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Heavy rains wash out playgrounds and ball fields

Heavy rains wash out playgrounds and ball fields

Penn Meadows, Beaver Kreek and Quail Ridge playground surface areas, and the ball fields are washed out due to the heavy rain this week. The parks crew is working to hopefully have them all repaired for the weekend. Thank you for your patience.

Splash Pad Closed

Splash Pad Closed

The Penn Meadows Park splash pad is temporarily closed while the parks department awaits parts. It is expected to open again for the weekend.

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New water treatment plant coming on line this month

North Liberty’s new water treatment plant, which uses reverse osmosis and nano-filtration technologies, is expected to be on line by the end of May. The new plant will increase the city’s drinking water quality and production capacity.

While our water sources remain the Jordan and Silurian aquifers, the new plant, located along South Front Street, will filter out more of the minerals associated with these underground water sources that, while not harmful, affect water’s taste and scent. As the new plant comes on line, customers with water softeners should make adjustments to account for the reduction in water hardness, which is currently 10 to 12 grains per gallon, to just 5 to 6 grains per gallon.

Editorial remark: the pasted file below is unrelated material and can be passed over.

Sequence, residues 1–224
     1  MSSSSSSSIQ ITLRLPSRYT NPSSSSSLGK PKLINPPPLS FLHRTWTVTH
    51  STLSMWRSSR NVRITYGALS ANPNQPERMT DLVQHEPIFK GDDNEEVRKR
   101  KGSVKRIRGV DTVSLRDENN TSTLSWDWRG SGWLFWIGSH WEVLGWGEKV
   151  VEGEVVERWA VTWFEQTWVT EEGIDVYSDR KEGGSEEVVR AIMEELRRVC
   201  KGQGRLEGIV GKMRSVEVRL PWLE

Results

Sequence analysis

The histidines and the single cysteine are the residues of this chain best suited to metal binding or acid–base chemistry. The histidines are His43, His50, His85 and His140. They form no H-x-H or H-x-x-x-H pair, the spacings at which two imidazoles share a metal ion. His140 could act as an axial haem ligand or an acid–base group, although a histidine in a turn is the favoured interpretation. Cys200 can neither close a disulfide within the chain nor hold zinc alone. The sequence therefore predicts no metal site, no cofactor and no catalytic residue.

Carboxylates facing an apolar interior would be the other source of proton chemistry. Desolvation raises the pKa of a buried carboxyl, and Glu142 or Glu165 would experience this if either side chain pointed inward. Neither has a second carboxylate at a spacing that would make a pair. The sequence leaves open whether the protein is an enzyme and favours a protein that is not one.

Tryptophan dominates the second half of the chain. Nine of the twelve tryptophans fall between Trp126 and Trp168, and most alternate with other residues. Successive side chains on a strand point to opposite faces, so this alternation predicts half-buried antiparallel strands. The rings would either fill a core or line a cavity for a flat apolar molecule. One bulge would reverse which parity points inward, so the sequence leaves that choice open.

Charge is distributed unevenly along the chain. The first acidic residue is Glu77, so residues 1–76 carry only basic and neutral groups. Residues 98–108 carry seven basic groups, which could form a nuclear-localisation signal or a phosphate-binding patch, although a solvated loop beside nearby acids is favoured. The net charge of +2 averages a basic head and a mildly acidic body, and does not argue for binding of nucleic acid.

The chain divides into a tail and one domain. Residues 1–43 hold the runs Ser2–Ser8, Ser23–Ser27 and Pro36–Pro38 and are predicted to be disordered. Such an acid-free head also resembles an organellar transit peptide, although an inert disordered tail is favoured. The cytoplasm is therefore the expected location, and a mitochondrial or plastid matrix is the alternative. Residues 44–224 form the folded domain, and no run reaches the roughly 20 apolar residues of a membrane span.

The new plant also brings online new wells and raw water mains, and replaces a plant built in 1977 and expanded in 2001 to produce about 1.6 million gallons of water per day. The new plant nearly doubles the system’s production to 3 million gallons per day and is built to serve a population of 30,000.  North Liberty water customers use an average of about 1.4 million gallons of water a day, and use has peaked as high as 2.2 million gallons in a day. In all, the city invested about $20 million in these water system improvements. The old plant, located at 281 South Chestnut Street, will be decommissioned and used as a workshop for the water department.

Following the 2001 expansion, the city, in 2007, added a 1-million-gallon water tower along Kansas Avenue and a 39-million-gallon aquifer storage and recovery, or ASR, well, essentially an underground storage tank to accommodate periods of increased demand. However, as the city’s population has grown, and is now above 19,000, more of the redundant equipment was pressed into regular service and the excess water production, used to fill water towers and the ASR well, diminished. In 2014, the water department conducted a pilot study and design work began. Construction began in 2016. The plant design allows for a future second phase that would bring daily production to 6 million gallons.

The plant will host a ribbon cutting and open house for the public on Wednesday, June 20, 2018, from 4 to 6 p.m.

 

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